They often associate the removal of a wisdom tooth with a minor surgical procedure. Especially if it has not broken through the gums and is still in the jawbone. During this procedure, the dentist must first expose the jawbone with a gum incision. Then he works the bone until it exposes the wisdom tooth. Once the doctor has removed enough bone, we can extract the tooth. Finally, the hole in the gum is sutured.
Surgical tooth extraction often leads to bruises, moderate-to-severe pain, and swelling. These consequences of tooth extraction disappear after about a week.
Tips: What to do after tooth extraction
Immediately after removing the tooth, the patient must bite on sterile swabs for 30 minutes. The pressure stops the bleeding.
For the first 48 hours after tooth extraction, you should never:
- Drink coffee, tea, or alcohol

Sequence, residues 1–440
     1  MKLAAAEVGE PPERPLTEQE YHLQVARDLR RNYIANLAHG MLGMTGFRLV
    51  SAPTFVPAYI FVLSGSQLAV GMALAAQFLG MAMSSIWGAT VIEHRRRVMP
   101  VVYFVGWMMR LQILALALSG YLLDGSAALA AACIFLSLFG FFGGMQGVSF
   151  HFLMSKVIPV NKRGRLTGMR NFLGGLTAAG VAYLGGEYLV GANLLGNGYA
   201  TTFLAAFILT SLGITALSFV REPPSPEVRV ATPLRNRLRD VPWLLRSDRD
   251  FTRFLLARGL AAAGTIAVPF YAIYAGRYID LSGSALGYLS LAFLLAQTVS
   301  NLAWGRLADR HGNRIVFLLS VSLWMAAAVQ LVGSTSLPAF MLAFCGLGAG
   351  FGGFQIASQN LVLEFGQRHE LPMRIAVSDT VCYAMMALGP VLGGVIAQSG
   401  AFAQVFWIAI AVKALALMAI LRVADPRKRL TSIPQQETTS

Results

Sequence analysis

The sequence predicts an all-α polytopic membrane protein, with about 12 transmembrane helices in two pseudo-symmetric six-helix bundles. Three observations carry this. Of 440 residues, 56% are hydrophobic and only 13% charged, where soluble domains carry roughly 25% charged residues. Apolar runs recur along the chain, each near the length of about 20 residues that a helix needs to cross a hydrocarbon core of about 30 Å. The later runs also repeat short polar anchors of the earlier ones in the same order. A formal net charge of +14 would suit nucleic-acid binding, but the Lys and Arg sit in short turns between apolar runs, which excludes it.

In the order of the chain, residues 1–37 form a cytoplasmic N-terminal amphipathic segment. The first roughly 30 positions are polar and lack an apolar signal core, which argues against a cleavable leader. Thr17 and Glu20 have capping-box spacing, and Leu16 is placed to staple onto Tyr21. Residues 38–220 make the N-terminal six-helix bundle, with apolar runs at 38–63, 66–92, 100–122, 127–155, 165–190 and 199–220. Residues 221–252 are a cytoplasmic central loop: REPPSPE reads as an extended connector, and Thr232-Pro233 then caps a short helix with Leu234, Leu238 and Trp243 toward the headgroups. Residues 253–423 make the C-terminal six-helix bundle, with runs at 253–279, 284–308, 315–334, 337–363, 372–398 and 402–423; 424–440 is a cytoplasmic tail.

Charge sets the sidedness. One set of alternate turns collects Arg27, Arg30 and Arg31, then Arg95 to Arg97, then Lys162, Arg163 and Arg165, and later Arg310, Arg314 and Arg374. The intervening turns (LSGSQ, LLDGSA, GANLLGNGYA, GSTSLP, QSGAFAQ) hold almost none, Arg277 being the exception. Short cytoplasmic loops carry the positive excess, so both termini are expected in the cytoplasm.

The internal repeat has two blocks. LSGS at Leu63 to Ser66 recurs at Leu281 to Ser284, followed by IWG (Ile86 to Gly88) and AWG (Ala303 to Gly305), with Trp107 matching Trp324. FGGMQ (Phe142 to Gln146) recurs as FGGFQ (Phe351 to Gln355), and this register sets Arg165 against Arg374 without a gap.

- Work hard physically
- Rinse your mouth vigorously, otherwise, the blood clot important for wound healing will be lost in the tooth socket.
If you stick to these rules as a patient, you should start feeling better soon.
Pain after extraction: when to go to the dentist
Note: Please do not take too many tablets if you are in pain!
Mild to moderate pain after tooth extraction surgery is normal. You can fight these easily with painkillers. You should also cool well.
In rare cases, the pain is so severe that pain medication is not enough. If the wound hurts too much, contact your dentist or go to emergency services.
Go to a dentist’s office if:
- Pain medication no longer works
- Pain recurs after more than a week
- The pain did not go away after a week
- Swellings keep getting bigger
- An unpleasant odor is noticeable.
Severe pain can occur if:
- The wound has become infected
- The blood clot in the tooth socket has been lost
In both cases, patient must have the wound checked in a dental practice.
With inflammation, an antibiotic must often be prescribed after tooth extraction. If the blood clot has been lost, the extraction wound must be freshened again to create a new clot. These treatments should relieve the pain.